square sail

Definitions

  • WordNet 3.6
    • n square sail a four-sided sail set beneath a horizontal yard suspended at the middle from a mast
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Webster's Revised Unabridged Dictionary
    • Square sail (Naut) a four-sided sail extended upon a yard suspended by the middle; sometimes, the foresail of a schooner set upon a yard; also, a cutter's or sloop's sail boomed out. See Illust. of Sail.
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Usage

In literature:

When I looked aloft I saw that the yards were square, and studding-sails on either side.
"Peter Trawl" by W. H. G. Kingston
Wait a little, and as soon as the square sail is out of the way, you will see his wife.
"Percival Keene" by Frederick Marryat
I have examined the sails of the shipping represented are square.
"The Harbours of England" by John Ruskin
Once outside, he squared the sail and ran right before the breeze.
"Jarwin and Cuffy" by R.M. Ballantyne
It had a square or lug-sail, and was steered by a rudder.
"The Hot Swamp" by R.M. Ballantyne
The breeze quickly bulged out the thirty square feet of sail, and away went the Water Sprite like a Chinese pirate in chase of booty.
"Canoe Boys and Campfires" by William Murray Graydon
It was sharp at both ends, wall-sided, and fitted with oars, poles, and a square sail.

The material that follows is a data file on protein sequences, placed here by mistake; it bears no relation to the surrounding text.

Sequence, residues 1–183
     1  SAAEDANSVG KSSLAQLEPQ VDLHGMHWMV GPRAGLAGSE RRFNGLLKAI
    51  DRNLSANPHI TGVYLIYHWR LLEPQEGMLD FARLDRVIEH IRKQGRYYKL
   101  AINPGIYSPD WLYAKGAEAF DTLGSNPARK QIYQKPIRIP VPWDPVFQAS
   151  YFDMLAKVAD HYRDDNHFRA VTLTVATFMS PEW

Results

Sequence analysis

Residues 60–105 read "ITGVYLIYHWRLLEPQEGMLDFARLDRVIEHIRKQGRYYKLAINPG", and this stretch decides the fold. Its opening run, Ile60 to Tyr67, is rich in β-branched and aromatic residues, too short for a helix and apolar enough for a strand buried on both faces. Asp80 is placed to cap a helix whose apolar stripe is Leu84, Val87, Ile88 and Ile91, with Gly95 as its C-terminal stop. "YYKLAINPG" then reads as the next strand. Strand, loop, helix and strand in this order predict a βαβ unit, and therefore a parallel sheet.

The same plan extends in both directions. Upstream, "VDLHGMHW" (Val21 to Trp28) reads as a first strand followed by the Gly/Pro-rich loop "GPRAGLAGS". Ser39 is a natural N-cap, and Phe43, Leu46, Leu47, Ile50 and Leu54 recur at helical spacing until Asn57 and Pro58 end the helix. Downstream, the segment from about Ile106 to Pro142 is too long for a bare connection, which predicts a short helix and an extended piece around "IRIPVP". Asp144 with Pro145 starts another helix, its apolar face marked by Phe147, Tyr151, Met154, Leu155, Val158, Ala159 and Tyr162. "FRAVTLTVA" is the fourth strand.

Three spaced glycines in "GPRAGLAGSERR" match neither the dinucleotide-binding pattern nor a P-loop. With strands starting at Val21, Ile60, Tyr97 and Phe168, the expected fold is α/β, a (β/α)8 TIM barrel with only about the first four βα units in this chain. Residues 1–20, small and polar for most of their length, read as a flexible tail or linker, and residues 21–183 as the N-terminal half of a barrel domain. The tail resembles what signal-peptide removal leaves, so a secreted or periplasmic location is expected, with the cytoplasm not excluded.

"All Afloat" by William Wood
Finally a dirty square sail was raised.
"Two on the Trail" by Hulbert Footner
But we spread the square sail, set out, and proceeded on!
"The Young Alaskans on the Missouri" by Emerson Hough
The square-rigged sails billowed.
"My Shipmate--Columbus" by Stephen Wilder
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In poetry:

On the middle of that quiet floor
sits a fleet of small black ships,
square-rigged, sails furled, motionless,
their spars like burnt match-sticks.
"Large Bad Picture" by Elizabeth Bishop
"Square the mainyard!" the silence breaking,
Like Gabriel's trumpet rang the word;
Out of the dawn the wind came, waking
The sleeping sails, so long unstirred.
"Doldrums: One Of Murphy's Yarns" by Cicely Fox Smith
"I wish I may lie where them ships lie, an' no more sail the sea,
An' drink the drink them dead men drank, poor sailormen like me,—
So let me drink if I forget, an' so for ever lie,
If ever I ship with square'eads more until the day I die."
"Squareheads" by Cicely Fox Smith

In news:

The tall ship Gazela, built in Portugal built in 1883 in Portugal and said to be the oldest sailing square rigger still sailing in the US, will be visiting New York Aug 19-23.
Hippie name aside, the boat is pretty darn cool, with unusual A-frame masts that reach 177 feet (nearly the length of the ship) and sails that measure 13,520 square feet.
In its latest research consulting firm Retail Sails breaks down which stores make the most money per square foot .
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